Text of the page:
I have often complained about the state of film criticism in these bizarre modern times where there is fear everywhere. Fear to say what you REALLY think, fear to be called an “ist” of some sort and have your entire career and reputation ruined as a result. Fear to be labeled a “white guy” which is honestly just as bad. The idea that more women and people of color will mean the reviews will HAVE to be different because once we remove the offending unclean things we will have people who can REALLY see what is good and bad. Even if there are shades of truth in this overall ideology — there is nothing wrong with diversifying viewpoints — the idea that criticism must be policed for compliance and conformity has mostly ruined film criticism.
But today, shockingly, the National Society of Film Critics (aka the NSFC) has taken a stand against Variety’s absurd decision to apologize for an observation made in a review of Promising Young Woman, which commented on how Carey Mulligan looked. She took offense to that, and said so in a New York Times column. She had a right to voice her objection, as the critic had the right to make that observation.
Try telling that to the overly coddled Lord of the Flies on Twitter who were calling for the film critics’ ouster. Literally calling for him to be fired. They assumed, wrongly, that he was your typical straight white male complaining that she wasn’t pretty enough. In fact, as he says in this Guardian interview, he is a 60-ish gay male.
Here is their statement:
A STATEMENT FROM THE NATIONAL SOCIETY OF FILM CRITICS REGARDING VARIETY’S APOLOGY FOR ITS PROMISING YOUNG WOMAN REVIEW
Feb. 9, 2021 — We, the members of the National Society of Film Critics, wish to register our alarm at Variety’s shabby treatment of our colleague Dennis Harvey.
On Jan. 26, 2020, Variety published Harvey’s review of the movie Promising Young Woman from the Sundance Film Festival. (Full disclosure: The review was edited by Peter Debruge, Variety’s chief film critic and a member of the NSFC.) While praising the film, Harvey wrote that Carey Mulligan, “a fine actress, seems a bit of an odd choice” as the movie’s “many-layered apparent femme fatale” protagonist, noting distancing aspects of the character’s costuming, hairstyling and vocal delivery. He went on to praise Mulligan’s performance as “skillful, entertaining and challenging, even when the eccentric method obscures the precise message.”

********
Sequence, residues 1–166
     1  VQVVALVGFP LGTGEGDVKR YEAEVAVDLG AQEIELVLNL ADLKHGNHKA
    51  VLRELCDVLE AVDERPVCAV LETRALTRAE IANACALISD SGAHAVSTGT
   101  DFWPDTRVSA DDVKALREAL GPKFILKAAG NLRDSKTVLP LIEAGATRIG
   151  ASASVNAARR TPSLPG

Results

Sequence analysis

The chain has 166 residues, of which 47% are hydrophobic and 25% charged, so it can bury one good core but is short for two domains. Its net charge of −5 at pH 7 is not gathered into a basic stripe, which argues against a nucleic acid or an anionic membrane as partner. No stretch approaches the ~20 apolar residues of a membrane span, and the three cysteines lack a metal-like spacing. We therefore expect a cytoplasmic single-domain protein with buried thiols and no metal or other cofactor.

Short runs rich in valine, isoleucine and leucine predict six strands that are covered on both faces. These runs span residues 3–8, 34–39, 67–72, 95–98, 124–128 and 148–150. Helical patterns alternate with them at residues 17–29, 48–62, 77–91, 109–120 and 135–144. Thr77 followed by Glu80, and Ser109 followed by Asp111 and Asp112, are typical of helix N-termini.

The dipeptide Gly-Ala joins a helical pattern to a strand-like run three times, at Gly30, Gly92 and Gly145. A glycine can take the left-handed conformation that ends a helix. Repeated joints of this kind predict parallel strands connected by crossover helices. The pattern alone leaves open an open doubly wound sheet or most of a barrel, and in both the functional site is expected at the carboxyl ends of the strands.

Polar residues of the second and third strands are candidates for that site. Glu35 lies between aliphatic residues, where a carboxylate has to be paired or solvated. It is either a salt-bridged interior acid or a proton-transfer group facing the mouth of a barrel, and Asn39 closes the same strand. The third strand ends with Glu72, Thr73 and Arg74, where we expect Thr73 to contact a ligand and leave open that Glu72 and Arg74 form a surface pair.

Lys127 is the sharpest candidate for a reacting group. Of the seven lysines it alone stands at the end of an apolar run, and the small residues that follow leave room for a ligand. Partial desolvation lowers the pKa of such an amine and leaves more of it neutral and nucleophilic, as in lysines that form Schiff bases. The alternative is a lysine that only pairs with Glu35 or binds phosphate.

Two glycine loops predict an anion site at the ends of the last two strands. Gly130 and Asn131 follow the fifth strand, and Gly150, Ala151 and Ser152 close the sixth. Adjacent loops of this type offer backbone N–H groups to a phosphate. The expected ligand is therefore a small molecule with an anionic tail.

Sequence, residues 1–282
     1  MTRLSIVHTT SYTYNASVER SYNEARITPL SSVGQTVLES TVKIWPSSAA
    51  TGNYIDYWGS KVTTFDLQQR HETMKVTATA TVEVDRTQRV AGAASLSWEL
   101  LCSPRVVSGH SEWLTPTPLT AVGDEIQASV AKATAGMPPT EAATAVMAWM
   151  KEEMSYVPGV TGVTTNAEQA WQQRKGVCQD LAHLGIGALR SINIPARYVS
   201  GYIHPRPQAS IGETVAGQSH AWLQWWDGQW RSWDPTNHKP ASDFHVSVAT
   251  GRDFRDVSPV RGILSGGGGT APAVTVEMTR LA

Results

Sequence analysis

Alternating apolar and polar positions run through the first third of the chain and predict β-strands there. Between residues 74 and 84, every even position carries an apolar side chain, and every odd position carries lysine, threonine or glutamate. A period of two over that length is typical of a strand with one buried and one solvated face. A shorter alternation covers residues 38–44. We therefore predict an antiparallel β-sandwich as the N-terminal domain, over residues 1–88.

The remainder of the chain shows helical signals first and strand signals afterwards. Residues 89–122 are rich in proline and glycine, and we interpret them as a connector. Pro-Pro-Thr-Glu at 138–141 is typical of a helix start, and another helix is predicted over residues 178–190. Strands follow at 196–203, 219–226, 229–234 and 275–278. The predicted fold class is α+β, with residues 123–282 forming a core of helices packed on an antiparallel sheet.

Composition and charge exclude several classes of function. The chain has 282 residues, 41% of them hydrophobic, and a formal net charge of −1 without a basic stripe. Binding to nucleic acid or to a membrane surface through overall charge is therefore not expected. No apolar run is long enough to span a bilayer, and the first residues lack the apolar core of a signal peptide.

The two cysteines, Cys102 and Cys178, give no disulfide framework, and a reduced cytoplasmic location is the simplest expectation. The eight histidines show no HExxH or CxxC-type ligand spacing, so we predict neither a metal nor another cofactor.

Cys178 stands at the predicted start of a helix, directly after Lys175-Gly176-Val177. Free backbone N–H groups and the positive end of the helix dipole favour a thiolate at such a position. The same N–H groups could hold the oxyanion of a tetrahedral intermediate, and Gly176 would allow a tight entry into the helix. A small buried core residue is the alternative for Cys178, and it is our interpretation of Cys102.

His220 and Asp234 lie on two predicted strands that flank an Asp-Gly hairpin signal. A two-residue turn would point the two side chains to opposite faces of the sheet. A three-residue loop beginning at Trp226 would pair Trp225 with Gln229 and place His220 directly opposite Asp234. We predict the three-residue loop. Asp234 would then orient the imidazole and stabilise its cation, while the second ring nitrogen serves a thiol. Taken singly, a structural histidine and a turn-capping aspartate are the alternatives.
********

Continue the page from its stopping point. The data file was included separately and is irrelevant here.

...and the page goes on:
On Dec. 24, 2020, almost a year later and in the thick of awards season, Mulligan noted her objections to Harvey’s review in a New York Times profile: “It felt like it was basically saying that I wasn’t hot enough to pull off this kind of ruse.”
Mulligan, like any artist, is within her rights to respond to criticism of her work, just as we are within our rights to assert that nothing in Harvey’s review — which focuses on the actor’s stylized presentation, not her attractiveness — supports her claim. But differences of opinion in the evaluation of a film or a performance are not at issue here. What concerns us is Variety’s subsequent decision to place an editor’s note at the top of the review: “Variety sincerely apologizes to Carey Mulligan and regrets the insensitive language and insinuation in our review of Promising Young Woman that minimized her daring performance.
If Variety felt the language in Harvey’s review was insensitive and insinuating, it had the option of working with him to fix that in the editing process before it ran. There are also ways Variety could have acknowledged and responded to Mulligan’s criticism, rather than simply capitulating to it and undermining its own critic in the process. The imposition of a subjective value judgment (“her daring performance”) as a flat editorial perspective, as if it were a matter of inarguable fact rather than opinion, is particularly inappropriate. We believe the editor’s note should be removed.
Like any journalism, film criticism often displeases those being written about. And, like any journalists, film critics must have the support of their publications when that displeasure, usually coming from people far more powerful than any journalist, is made known — especially when that publication claims to report on the industry those powerful people inhabit. It is appalling that, in this instance, Variety chose to side with that power rather than supporting its writer.
I am not sure what value film criticism even has if it is there to merely pander to and to coddle those too fragile to handle, you know, concepts that might be somewhat challenging. This compliance and conformity to a strict standard has no place in art, and certainly no place in film criticism. Calling for this critic to be fired for “offending” one person and therefore all of Twitter is beyond ridiculous.
My first thought about Mulligan, by the way, was that she was TOO PRETTY for the part. Her looks should not matter either way, as the movie is about men who take advantage of women who are too drunk to walk, talk or drive. In these situations, I can promise you, how they look is beside the point.
Bravo to the NSFC. Stop apologizing. Start speaking out. It is the only way out of this mess, as the alternative is intolerable.